After the film had its premiere at the Bangkok Asean Film Festival in July, Boonsong trimmed 20 minutes and reshaped the story, making it leaner and more centred on the message he wants to convey.
“The novice in this movie is just like a real novice. These boys are ordinary people in the saffron robes. There is no religious criticism; it’s just a story about a person who has a dream,” he says.
He adds that the wall in the film can be anything from the physical temple wall that prevents the novice from chasing his dream or an insurmountable barrier that prevents him from seeing other sides of the real world.
The film, he says, is probably the last he will make based on his own life. “I am too old to look back with nostalgia. In the future I will focus on human stories,” says the 50-year-old director.
Boonsong has struggled throughout his filmmaking career and self-produced all of his films, none of which has enjoyed even modest box office success.
“The ideal ‘successful filmmaker’ for me means that they make money at the box office and are able to make the stories they want to. I’ve only achieved the second of these goals,” he says.
“Even though money is not a priority, I wish my movies would do well too as this implies that I have an audience. My hope is for my film to be powerful enough to be seen by a wider group rather than a limited community. I’d love to have an audience of more than 10,000 that increases every year.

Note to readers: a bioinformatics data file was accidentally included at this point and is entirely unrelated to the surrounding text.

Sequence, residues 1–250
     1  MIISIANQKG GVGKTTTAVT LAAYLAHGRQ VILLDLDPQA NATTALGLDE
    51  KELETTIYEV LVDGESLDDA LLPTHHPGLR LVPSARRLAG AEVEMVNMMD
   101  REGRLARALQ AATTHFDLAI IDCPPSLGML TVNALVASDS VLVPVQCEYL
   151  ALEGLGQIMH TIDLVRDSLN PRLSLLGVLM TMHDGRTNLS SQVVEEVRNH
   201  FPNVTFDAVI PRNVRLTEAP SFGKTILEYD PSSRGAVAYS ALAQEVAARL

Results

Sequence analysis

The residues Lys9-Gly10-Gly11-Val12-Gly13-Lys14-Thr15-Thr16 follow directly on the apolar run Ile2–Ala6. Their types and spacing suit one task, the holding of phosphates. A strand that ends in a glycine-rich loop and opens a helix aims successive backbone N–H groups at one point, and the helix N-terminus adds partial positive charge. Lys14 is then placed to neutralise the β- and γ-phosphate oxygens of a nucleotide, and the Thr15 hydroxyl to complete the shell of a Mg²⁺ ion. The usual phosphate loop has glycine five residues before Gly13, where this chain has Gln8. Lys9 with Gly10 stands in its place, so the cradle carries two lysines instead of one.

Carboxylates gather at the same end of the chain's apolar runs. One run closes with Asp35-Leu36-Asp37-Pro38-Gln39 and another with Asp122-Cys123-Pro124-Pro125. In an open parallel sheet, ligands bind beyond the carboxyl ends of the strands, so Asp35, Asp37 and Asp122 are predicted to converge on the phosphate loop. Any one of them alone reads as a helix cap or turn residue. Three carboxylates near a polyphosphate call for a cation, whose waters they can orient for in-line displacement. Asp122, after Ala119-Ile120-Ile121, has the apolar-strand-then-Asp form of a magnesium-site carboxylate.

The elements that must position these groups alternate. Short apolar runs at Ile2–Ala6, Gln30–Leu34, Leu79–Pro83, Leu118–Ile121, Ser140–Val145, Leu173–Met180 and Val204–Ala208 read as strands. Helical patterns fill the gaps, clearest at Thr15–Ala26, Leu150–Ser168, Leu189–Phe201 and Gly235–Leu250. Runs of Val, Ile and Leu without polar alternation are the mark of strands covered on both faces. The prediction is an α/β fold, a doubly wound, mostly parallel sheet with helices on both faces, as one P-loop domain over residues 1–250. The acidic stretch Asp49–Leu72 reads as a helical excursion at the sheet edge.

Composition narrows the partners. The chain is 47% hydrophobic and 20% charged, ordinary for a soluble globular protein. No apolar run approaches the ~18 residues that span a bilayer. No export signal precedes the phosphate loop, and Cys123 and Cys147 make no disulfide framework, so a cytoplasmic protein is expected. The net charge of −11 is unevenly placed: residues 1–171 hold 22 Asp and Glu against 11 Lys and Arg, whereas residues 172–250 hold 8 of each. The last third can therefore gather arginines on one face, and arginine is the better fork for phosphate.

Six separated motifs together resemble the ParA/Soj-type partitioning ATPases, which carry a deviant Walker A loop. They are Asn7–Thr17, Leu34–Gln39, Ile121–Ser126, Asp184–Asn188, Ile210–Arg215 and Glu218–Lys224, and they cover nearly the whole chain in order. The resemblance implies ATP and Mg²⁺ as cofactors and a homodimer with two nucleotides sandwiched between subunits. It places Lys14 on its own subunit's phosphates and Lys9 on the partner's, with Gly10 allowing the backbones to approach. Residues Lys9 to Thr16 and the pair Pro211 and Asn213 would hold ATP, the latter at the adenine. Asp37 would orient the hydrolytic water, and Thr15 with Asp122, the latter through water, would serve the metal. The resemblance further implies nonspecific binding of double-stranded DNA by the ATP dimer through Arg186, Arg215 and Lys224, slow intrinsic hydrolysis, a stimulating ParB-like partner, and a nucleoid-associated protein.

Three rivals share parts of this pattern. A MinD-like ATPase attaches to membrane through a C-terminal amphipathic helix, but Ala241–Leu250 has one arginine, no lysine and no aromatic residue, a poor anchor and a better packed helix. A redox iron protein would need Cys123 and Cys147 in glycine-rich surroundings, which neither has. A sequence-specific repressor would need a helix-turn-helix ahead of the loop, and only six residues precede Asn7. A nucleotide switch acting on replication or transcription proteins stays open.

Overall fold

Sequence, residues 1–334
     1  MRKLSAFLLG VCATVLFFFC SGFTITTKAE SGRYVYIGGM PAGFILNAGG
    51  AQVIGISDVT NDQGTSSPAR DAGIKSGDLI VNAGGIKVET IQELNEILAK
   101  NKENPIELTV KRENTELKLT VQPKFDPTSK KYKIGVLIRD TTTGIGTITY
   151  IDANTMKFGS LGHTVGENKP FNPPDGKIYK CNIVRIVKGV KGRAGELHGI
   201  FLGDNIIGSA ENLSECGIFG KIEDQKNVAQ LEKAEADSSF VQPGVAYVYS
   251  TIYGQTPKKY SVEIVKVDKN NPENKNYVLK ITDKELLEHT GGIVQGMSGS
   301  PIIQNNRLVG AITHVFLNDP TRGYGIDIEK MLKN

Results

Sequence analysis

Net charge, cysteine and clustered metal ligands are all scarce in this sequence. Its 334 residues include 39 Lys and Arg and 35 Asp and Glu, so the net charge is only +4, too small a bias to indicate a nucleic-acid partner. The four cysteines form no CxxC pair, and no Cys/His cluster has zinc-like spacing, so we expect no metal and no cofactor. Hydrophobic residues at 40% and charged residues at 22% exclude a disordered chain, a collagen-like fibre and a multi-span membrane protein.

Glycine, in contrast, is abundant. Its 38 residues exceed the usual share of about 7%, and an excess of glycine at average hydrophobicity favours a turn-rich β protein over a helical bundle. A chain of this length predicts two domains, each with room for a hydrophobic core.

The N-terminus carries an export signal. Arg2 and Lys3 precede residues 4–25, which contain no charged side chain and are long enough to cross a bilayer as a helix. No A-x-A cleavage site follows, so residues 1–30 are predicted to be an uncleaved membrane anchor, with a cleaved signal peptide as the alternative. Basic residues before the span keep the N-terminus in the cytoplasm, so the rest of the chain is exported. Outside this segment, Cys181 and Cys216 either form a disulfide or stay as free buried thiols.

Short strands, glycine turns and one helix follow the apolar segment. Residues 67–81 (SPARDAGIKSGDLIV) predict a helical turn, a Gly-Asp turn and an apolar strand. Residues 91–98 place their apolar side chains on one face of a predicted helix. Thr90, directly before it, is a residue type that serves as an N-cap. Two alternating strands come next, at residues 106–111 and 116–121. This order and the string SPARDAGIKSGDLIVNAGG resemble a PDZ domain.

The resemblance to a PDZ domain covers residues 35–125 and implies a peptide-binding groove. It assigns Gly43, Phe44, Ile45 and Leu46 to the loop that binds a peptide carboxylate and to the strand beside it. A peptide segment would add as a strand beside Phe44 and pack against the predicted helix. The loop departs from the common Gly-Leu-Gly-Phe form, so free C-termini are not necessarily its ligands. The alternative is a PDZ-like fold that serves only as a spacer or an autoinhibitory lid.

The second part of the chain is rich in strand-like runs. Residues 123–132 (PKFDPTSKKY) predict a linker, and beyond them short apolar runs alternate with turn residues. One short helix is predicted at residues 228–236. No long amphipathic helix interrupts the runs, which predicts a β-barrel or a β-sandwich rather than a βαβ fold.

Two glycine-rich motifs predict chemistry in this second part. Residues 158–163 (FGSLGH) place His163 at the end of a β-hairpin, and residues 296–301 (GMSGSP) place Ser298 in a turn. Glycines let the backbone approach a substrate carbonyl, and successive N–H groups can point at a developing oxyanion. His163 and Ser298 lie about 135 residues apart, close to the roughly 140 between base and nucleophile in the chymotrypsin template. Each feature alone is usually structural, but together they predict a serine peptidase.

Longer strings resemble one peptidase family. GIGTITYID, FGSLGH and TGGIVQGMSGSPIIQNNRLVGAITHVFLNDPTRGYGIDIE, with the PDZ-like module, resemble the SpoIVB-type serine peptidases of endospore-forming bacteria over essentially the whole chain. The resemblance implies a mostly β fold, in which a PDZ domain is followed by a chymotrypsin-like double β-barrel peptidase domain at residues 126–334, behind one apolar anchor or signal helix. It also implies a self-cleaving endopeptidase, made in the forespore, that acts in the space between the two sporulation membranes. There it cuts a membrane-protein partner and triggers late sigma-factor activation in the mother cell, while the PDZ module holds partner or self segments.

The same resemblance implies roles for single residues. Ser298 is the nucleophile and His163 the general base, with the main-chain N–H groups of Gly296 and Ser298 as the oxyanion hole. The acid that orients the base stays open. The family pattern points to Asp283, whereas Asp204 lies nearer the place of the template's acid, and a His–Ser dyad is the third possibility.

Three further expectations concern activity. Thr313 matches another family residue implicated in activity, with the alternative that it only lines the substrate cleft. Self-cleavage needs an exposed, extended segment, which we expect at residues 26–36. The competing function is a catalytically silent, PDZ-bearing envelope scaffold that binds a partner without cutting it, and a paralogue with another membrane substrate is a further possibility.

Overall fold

“I sometimes wonder if I am chasing an empty dream and if I would do better giving up and going home to farm the land I’ve prepared. This uncertainty is reflected in the movie too,” he says.
“The Wall” ended up with a funding shortage that forced him to dip into the family savings set aside for his son.
He supplements his meagre income for his films by working as an actor, lecturing about film at various universities, scriptwriting, and as an acting coach and producer.
With “The Wall” now done and dusted, he will continue with other projects including an anthology of 11 short films with his students at Naresuan University, the story of a teenage girl from the Northeast who pursues a better life by working at a karaoke bar in Bangkok and a tale focusing on Buddhist philosophy.
Boonsong made his directorial debut with “Khon Jone Phoo Yingyai” (“Poor People the Great”) and followed up with “Wangphikul” (“Village of Hope”), based on short stories by noted Thai authors.
His film “Sathanee See Phaak” (“Four Stations”) won a jury prize at last year’s Deauville Asian Film Festival and was also screened at the World Film Festival of Bangkok. His recent films include “Thudongkahwat” (“Wandering”) about a man suffering in life who ordains at a forest temple then goes on a Buddhist pilgrimage and the latest “Mahalai Wua Chon” (“Song from Phatthalung”).
- “The Wall” is now on limited release and showing at House RCA, Bangkok Screening Room and Doc Club Theatre at Warehouse 30.
- A film talk and special screenings of Boonsong’s previous films are being held both at Bangkok Screening Room and Doc Club Theatre.
- Find out more at Facebook.com/PlapenFilmStudio.